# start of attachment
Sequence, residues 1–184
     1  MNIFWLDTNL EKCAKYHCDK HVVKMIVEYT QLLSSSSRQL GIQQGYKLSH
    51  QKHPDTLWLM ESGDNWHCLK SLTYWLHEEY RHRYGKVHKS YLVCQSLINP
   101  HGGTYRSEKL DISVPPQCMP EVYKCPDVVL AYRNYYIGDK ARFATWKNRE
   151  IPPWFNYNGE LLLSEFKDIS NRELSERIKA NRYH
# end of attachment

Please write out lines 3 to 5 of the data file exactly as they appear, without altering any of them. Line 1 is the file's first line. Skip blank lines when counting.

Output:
    51  QKHPDTLWLM ESGDNWHCLK SLTYWLHEEY RHRYGKVHKS YLVCQSLINP
   101  HGGTYRSEKL DISVPPQCMP EVYKCPDVVL AYRNYYIGDK ARFATWKNRE
   151  IPPWFNYNGE LLLSEFKDIS NRELSERIKA NRYH